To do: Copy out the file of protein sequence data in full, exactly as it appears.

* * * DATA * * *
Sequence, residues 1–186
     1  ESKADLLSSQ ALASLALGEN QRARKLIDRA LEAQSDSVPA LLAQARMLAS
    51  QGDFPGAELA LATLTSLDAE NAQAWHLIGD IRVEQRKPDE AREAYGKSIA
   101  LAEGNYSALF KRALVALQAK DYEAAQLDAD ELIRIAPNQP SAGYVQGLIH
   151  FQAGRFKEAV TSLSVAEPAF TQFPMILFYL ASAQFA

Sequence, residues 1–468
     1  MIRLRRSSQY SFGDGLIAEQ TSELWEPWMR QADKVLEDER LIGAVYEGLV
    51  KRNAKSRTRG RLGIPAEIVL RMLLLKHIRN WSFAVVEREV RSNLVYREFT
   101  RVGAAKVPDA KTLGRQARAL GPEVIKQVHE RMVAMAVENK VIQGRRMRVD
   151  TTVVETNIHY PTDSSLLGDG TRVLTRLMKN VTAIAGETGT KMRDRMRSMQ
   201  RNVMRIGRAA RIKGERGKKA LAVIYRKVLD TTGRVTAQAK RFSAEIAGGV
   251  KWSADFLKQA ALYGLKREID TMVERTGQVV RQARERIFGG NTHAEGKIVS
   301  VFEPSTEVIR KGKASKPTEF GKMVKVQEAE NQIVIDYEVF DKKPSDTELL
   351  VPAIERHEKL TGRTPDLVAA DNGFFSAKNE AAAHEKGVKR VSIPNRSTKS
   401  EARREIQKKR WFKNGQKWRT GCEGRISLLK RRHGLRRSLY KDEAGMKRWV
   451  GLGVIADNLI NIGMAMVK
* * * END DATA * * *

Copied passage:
Sequence, residues 1–186
     1  ESKADLLSSQ ALASLALGEN QRARKLIDRA LEAQSDSVPA LLAQARMLAS
    51  QGDFPGAELA LATLTSLDAE NAQAWHLIGD IRVEQRKPDE AREAYGKSIA
   101  LAEGNYSALF KRALVALQAK DYEAAQLDAD ELIRIAPNQP SAGYVQGLIH
   151  FQAGRFKEAV TSLSVAEPAF TQFPMILFYL ASAQFA

Sequence, residues 1–468
     1  MIRLRRSSQY SFGDGLIAEQ TSELWEPWMR QADKVLEDER LIGAVYEGLV
    51  KRNAKSRTRG RLGIPAEIVL RMLLLKHIRN WSFAVVEREV RSNLVYREFT
   101  RVGAAKVPDA KTLGRQARAL GPEVIKQVHE RMVAMAVENK VIQGRRMRVD
   151  TTVVETNIHY PTDSSLLGDG TRVLTRLMKN VTAIAGETGT KMRDRMRSMQ
   201  RNVMRIGRAA RIKGERGKKA LAVIYRKVLD TTGRVTAQAK RFSAEIAGGV
   251  KWSADFLKQA ALYGLKREID TMVERTGQVV RQARERIFGG NTHAEGKIVS
   301  VFEPSTEVIR KGKASKPTEF GKMVKVQEAE NQIVIDYEVF DKKPSDTELL
   351  VPAIERHEKL TGRTPDLVAA DNGFFSAKNE AAAHEKGVKR VSIPNRSTKS
   401  EARREIQKKR WFKNGQKWRT GCEGRISLLK RRHGLRRSLY KDEAGMKRWV
   451  GLGVIADNLI NIGMAMVK